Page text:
Macquarie University
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Social organisation, social behaviour and collective movements in reef manta rays

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posted on 2022-03-28, 21:54 authored by Robert James Yeandle Perryman
Obtaining data on elasmobranch movements and behaviours in marine environments is a considerable challenge, but is urgently required to implement species management plans. It is important to understand patterns and mechanisms of group formation and cohesion, including social organisation and collective behaviour, that are likely to be adapted to current selective environments. These are key aspects of animal behaviour and behavioural ecology that influence population structuring. Reef manta rays (Mobula alfredi) are large and mobile pelagic elasmobranchs that occupy subtropical coastal areas in proximity to developing human populations. They form groups at shallow water aggregation sites, where they are vulnerable to exploitation and disturbance. In this thesis I show that M. alfredi: a) have structured societies with active social preferences between individuals, linked to site attachment; b) have strong behavioural heterogeneity that influences social dynamics; c) make gestural movements that may be a form of social communication; and d) alter their collective movements during foraging and courtship events. Our results suggest that conservation strategies should consider the social organisation and social behaviours of manta rays to better understand their spatial ecology and evolutionary dynamics, predict the impact of exploitation by fisheries, and mitigate disturbance from marine ecotourism. Local measures that consider groups as complex structures resulting from interactions between heterogenous individuals are likely to be most useful for ongoing management -- abstract.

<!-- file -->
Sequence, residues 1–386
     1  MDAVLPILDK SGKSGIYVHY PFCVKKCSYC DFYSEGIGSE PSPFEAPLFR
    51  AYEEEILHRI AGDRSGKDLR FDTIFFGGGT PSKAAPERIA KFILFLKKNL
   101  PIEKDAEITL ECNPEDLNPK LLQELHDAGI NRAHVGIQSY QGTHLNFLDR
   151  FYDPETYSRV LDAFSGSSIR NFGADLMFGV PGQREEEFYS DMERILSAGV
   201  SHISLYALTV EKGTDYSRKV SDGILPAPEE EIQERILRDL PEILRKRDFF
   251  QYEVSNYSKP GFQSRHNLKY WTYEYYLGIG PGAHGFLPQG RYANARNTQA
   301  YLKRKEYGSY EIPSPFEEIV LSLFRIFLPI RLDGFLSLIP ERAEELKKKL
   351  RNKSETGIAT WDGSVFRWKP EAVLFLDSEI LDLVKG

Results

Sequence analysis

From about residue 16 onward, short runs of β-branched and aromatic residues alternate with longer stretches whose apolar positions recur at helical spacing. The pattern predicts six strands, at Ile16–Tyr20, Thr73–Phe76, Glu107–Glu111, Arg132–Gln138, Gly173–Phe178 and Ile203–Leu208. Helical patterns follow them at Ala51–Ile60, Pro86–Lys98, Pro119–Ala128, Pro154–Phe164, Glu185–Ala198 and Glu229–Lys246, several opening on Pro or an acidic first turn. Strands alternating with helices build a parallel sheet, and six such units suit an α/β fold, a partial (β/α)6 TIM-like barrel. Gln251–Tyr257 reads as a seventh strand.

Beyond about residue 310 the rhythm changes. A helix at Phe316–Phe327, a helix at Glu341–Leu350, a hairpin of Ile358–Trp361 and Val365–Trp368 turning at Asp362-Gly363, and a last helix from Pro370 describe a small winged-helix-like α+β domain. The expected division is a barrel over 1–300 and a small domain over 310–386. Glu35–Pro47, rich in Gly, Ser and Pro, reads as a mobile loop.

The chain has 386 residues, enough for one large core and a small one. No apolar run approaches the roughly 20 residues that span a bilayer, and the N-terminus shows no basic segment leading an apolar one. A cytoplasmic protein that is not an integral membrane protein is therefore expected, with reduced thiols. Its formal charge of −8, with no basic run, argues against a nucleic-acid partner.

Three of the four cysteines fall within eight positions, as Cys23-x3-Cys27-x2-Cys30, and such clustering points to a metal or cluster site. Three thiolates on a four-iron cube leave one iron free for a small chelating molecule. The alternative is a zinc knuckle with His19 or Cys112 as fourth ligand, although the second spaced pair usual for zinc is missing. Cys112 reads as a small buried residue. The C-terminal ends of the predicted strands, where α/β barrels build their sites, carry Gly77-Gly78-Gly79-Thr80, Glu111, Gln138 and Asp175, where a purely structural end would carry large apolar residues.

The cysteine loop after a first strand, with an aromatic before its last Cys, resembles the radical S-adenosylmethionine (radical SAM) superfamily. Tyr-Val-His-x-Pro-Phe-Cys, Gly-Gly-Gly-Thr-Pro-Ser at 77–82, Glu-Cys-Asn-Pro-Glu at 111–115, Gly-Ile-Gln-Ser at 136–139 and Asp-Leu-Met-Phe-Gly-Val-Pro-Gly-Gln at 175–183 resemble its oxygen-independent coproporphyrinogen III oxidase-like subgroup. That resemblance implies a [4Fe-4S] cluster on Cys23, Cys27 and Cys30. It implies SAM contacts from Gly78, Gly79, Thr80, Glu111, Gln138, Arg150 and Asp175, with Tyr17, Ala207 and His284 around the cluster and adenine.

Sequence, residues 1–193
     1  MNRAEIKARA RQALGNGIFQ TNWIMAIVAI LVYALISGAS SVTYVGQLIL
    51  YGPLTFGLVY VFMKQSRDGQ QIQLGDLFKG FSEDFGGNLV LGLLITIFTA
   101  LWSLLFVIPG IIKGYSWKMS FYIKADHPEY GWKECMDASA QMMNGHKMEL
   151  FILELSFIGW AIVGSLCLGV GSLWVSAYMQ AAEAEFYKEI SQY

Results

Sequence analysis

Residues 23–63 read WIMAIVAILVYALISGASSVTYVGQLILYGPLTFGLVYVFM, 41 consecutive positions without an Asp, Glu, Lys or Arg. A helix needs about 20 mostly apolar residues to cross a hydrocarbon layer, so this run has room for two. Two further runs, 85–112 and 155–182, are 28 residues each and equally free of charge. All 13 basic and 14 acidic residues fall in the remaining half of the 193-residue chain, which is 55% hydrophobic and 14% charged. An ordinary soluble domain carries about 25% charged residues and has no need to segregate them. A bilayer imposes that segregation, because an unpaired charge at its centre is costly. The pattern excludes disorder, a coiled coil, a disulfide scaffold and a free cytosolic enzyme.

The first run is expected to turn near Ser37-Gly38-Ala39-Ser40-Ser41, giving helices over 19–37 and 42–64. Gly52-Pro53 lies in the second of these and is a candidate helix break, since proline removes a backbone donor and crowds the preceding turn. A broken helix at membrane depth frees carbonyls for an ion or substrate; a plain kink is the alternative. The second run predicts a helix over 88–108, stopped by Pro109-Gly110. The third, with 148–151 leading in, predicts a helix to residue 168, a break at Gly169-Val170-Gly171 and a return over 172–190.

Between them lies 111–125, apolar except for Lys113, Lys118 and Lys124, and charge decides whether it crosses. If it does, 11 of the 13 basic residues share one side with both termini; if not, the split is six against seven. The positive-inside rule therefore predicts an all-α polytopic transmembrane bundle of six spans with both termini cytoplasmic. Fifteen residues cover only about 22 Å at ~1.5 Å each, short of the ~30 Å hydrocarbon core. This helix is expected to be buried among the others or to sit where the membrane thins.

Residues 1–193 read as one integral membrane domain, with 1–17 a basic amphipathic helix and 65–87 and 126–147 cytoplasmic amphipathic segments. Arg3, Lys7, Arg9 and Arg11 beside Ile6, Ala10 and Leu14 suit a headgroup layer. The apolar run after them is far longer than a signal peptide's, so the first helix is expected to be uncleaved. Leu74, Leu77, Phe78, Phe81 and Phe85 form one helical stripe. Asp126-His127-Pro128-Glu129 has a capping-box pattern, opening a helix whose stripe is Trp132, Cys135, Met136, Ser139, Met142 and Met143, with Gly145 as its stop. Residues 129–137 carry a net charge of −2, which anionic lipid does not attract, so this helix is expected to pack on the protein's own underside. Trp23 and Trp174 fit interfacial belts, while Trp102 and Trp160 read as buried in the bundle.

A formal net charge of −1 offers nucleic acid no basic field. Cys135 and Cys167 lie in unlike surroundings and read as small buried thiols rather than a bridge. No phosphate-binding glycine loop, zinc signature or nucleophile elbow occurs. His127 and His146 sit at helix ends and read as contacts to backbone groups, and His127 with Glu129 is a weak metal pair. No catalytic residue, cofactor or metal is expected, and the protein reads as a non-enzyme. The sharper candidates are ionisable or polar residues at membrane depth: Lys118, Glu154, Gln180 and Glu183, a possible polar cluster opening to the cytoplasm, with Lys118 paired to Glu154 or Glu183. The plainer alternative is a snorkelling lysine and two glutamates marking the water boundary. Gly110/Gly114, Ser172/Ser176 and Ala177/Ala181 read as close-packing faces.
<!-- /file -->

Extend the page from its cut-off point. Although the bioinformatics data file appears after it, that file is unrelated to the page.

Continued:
Table of Contents

Chapter 1. General introduction -- Chapter 2. Social preferences and network structure in a population of reef manta rays -- Chapter 3. Reef manta ray social dynamics depend on individual differences in movements and site fidelity -- Chapter 4. Reef manta ray cephalic lobe movements are modulated during social and inter-specific interactions -- Chapter 5. Investigating manta ray collective movements via drone surveys -- Chapter 6. Summary, conservation implications and future directions.


Includes bibliographical references Thesis by publication.

Awarding Institution

Macquarie University

Degree Type

Thesis PhD


PhD, Macquarie University, Faculty of Science and Engineering, Department of Biological Sciences

Department, Centre or School

Department of Biological Sciences

Year of Award


Principal Supervisor

Culum Brown

Additional Supervisor 1

Andrea Marshall


Copyright Robert James Yeandle Perryman 2021. Copyright disclaimer:




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